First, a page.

Wine and gin drinkers will have to shell out more from today as alcohol taxes rise.
The shake-up aims to encourage drinkers to cut back by taxing all alcohol based on its strength, rather than the previous categories of wine, beer, spirits and ciders.
The increase will see duty rise by 44p on a bottle of wine – something announced a few months ago in the budget.
When combined with VAT, the real increase per bottle will be 53p, the Wine and Spirit Trade Association (WSTA) said.
Chancellor Jeremy Hunt said in March that a freeze on alcohol duty would end on 1 August and increase in line with the Retail Price Index measure of inflation, which was 10.7% last month.
All types of tipple are therefore affected.
Duty on an 18% cream sherry will go up from £2.98 to £3.85.
Combined with VAT, it adds up to an increase of more than £1 a bottle, while a bottle of port will go up by more than £1.50.
The total tax on a bottle of gin or vodka will rise by about 90p.
For beer drinkers, Mr Hunt is cutting the duty on draught pints across the UK by 11p.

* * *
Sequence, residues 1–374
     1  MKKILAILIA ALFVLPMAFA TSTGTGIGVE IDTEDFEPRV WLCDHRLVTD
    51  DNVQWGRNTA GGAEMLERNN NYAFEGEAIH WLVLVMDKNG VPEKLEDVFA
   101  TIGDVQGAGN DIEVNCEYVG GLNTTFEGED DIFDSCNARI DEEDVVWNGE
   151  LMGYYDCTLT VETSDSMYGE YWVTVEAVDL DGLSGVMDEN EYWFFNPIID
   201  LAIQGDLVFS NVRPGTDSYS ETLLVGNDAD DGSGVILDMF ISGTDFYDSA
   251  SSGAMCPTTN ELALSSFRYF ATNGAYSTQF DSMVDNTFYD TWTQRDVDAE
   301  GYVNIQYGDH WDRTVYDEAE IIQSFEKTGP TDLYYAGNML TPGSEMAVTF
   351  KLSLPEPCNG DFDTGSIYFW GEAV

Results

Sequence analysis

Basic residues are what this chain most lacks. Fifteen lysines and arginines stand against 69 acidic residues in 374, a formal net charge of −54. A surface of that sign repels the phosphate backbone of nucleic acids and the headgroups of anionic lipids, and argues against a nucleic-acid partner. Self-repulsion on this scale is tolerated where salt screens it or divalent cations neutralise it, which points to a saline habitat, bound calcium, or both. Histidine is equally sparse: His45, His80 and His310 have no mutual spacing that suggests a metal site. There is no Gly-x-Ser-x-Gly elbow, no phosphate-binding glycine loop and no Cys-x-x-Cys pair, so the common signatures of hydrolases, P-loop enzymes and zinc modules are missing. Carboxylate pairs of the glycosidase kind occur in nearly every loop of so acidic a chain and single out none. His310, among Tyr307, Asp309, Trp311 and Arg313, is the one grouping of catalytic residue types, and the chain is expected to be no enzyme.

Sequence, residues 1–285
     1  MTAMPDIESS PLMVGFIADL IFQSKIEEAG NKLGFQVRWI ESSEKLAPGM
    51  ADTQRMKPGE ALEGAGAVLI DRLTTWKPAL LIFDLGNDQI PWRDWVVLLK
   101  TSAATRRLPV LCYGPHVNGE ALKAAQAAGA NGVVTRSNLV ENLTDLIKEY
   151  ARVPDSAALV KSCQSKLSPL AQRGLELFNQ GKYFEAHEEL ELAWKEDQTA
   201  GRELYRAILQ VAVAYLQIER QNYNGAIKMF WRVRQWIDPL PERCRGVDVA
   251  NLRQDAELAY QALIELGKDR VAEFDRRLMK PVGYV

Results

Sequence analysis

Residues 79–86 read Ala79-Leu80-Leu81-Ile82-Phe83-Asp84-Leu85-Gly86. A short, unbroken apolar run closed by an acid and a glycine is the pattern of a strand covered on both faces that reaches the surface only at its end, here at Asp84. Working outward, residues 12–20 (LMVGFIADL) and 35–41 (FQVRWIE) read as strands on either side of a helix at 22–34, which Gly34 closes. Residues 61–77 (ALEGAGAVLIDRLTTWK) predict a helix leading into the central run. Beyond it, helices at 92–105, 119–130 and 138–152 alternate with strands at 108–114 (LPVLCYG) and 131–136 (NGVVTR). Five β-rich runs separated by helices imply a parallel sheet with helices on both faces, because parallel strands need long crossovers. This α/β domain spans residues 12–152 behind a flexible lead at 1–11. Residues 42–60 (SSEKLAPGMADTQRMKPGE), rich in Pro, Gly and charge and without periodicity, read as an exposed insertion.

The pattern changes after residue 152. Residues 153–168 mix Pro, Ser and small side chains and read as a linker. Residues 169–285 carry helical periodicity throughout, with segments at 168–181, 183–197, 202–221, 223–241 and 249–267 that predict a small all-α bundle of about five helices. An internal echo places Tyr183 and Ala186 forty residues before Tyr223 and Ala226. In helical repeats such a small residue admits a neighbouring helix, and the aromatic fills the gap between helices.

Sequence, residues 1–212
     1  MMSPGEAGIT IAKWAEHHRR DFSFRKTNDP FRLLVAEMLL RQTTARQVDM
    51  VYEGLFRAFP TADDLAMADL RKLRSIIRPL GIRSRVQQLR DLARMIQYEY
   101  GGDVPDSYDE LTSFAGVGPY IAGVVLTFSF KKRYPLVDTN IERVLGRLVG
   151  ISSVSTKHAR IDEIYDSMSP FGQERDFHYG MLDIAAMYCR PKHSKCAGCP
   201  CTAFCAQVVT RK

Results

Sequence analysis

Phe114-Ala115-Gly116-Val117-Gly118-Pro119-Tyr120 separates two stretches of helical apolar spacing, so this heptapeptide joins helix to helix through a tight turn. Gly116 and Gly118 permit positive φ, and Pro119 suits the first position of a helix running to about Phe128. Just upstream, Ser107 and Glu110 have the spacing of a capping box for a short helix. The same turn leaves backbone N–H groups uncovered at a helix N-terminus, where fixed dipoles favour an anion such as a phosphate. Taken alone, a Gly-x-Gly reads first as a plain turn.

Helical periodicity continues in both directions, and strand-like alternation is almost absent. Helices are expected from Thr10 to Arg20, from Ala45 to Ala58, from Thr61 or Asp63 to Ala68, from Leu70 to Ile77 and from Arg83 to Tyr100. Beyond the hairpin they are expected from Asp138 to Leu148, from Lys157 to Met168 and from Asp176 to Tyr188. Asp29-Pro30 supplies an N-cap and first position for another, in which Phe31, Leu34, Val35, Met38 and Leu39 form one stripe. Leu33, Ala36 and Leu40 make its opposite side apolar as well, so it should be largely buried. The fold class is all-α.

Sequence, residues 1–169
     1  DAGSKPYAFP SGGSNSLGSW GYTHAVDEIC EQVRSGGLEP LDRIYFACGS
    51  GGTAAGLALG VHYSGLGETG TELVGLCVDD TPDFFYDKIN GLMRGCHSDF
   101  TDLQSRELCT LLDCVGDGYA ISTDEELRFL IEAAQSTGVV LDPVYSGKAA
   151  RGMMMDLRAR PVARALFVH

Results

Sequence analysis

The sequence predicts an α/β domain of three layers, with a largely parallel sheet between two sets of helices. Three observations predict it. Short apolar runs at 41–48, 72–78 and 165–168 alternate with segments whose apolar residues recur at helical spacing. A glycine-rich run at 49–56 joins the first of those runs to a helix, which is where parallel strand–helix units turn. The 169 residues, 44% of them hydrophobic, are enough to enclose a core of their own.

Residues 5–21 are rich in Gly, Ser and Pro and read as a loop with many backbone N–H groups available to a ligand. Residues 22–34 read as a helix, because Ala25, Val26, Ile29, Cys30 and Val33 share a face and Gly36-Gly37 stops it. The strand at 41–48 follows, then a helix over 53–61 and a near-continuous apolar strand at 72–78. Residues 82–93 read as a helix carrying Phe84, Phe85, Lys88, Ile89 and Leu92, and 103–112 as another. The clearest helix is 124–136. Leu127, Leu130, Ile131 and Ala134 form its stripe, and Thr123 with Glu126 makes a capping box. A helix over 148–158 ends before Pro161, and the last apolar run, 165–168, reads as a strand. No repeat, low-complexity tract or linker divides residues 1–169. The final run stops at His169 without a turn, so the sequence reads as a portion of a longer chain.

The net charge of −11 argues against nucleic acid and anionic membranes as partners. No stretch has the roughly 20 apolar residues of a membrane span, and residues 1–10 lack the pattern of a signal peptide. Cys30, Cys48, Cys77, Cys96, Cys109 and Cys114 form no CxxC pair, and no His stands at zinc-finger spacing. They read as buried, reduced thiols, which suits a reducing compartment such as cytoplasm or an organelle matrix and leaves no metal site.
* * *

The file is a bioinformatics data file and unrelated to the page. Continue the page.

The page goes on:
It is seen as a measure designed to boost pubs, many of which have been closing.
Prime Minister Rishi Sunak hailed the move as beneficial to “thousands of businesses across the country”.
However, the British Beer and Pub Association said brewers will pay 10.1% more tax on bottles and cans of beer from Tuesday.
It means duty will make up about 30% of the cost of a 500ml bottle.
Scotch Whisky Association director of strategy Graeme Littlejohn described the 10.1% duty increase as a “hammer blow for distillers and consumers”.
He warned: “Pubs and other on-trade businesses are about far more than beer and cider.”
The Treasury has said that more than 38,000 UK pubs will benefit from tax relief that effectively freezes or cuts the alcohol duty on beer poured from tap from Tuesday.
Mr Hunt said: “British pubs are the beating heart of our communities and as they face rising costs, we’re doing all we can to help them out. Through our Brexit Pubs Guarantee, we’re protecting the price of a pint.
“The changes we’re making to the way we tax alcohol catapults us into the 21st century, reflecting the popularity of low alcohol drinks and boosting growth in the sector by supporting small producers financially.”